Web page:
Finance · 6 December 2017

Lloyds removes up-front fees for small business overdrafts

Lloyds TSB High Street Bank Sign
The changes will benefit businesses that only require occasional use of an overdraft

High street bank Lloyds has changed its approach to small business overdrafts, introducing a new structure designed to give business clients greater control over their finances.

For Lloyds Bank and Bank of Scotland business customers borrowing up to £5,000, new overdrafts will follow a “pay as you go” model, with a £10 monthly fee payable only if an overdraft facility is used within that month.

The new model sees the removal of up front arrangement fees for customers with a small business overdrafts limit of £5,000 or less.

Lloyds is the first mainstream lender to offer this approach, which it hopes will be particularly helpful for those business customers that only require occasional or short-term use of overdrafts, to cover unexpected costs.

The bank has also introduced new pricing tiers for small business overdrafts for customers borrowing between £5,000 and £25,000, and for those borrowing more than £25,000, as outlined below.

Borrowing limit Rate Fee
Up to £5,000 9.75 per cent above Bank of England base rate Usage fee (£10 p/m)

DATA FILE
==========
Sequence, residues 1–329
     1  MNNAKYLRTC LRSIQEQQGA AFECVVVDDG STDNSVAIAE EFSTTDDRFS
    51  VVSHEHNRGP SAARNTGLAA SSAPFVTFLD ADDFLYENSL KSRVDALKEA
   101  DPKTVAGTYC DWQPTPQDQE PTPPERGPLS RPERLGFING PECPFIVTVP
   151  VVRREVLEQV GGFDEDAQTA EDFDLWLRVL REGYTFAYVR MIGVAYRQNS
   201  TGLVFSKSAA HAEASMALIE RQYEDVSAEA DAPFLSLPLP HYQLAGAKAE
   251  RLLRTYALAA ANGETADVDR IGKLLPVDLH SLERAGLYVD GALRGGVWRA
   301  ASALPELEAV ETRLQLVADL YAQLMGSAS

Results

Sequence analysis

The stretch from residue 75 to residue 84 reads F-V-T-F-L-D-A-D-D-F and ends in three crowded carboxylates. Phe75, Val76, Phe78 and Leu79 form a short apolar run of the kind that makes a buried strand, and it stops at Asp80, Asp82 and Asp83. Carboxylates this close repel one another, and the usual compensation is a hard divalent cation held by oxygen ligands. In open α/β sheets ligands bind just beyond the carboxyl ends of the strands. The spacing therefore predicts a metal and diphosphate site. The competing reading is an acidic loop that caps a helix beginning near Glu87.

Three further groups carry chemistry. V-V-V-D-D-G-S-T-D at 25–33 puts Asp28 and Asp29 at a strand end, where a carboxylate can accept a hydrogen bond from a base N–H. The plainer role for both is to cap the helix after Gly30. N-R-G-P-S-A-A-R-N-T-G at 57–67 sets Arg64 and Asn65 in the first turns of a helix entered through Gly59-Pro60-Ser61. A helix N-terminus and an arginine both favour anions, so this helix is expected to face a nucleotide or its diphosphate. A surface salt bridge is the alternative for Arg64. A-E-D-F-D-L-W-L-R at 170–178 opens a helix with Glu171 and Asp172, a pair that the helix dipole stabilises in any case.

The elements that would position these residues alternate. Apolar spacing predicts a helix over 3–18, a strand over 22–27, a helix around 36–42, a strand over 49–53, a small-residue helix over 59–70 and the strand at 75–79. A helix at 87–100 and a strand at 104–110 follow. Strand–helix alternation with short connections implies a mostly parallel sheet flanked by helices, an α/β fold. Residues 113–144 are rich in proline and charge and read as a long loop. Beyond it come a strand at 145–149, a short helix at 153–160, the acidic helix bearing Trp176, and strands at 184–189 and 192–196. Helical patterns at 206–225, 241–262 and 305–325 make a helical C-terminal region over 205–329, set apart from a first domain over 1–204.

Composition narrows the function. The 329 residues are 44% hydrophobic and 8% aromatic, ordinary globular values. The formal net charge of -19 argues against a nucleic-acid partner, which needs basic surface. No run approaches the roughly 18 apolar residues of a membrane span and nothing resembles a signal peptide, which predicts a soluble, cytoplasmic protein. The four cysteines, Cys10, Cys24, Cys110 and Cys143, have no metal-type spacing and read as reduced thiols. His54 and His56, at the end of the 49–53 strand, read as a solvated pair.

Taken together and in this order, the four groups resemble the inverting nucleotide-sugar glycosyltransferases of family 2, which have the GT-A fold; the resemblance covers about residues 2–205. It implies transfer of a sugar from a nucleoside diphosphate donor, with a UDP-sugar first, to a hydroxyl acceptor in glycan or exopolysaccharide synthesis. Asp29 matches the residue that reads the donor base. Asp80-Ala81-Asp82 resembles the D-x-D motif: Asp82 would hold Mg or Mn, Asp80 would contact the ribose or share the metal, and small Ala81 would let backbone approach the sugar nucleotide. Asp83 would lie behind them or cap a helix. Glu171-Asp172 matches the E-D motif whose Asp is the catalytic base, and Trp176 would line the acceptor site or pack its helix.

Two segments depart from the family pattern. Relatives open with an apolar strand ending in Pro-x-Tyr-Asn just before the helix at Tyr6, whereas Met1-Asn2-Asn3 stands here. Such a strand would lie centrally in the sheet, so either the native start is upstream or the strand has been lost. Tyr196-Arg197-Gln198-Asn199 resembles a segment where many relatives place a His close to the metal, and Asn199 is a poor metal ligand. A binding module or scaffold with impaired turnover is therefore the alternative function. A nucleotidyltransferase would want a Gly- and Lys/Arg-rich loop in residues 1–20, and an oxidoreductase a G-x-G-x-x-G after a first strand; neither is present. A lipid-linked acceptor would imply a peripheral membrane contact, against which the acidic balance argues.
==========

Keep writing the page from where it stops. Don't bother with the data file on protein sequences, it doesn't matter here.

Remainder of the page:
£5,001 to  £25,000 9.75 per cent above Bank of England base rate Annual fee (1.75 per cent)
£25,000 or more Price on application Annual fee (price on application)


The new small business overdrafts will be available to Lloyds Bank and Bank of Scotland’s small business customers from 11 December 2017, both in branch, over the phone and online. Existing Lloyds customers will be moved across to the new product in 2018.

Lloyds Bank and Bank of Scotland have pledged to write to existing business customers to explain the changes at least two months before they move to the new business overdraft.

This letter from the bank will provide support material to help customers understand the changes, and to offer additional guidance to help customers through the transition.

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Fred Heritage was previously deputy editor at Business Advice. He has a BA in politics and international relations from the University of Kent and an MA in international conflict from Kings College London.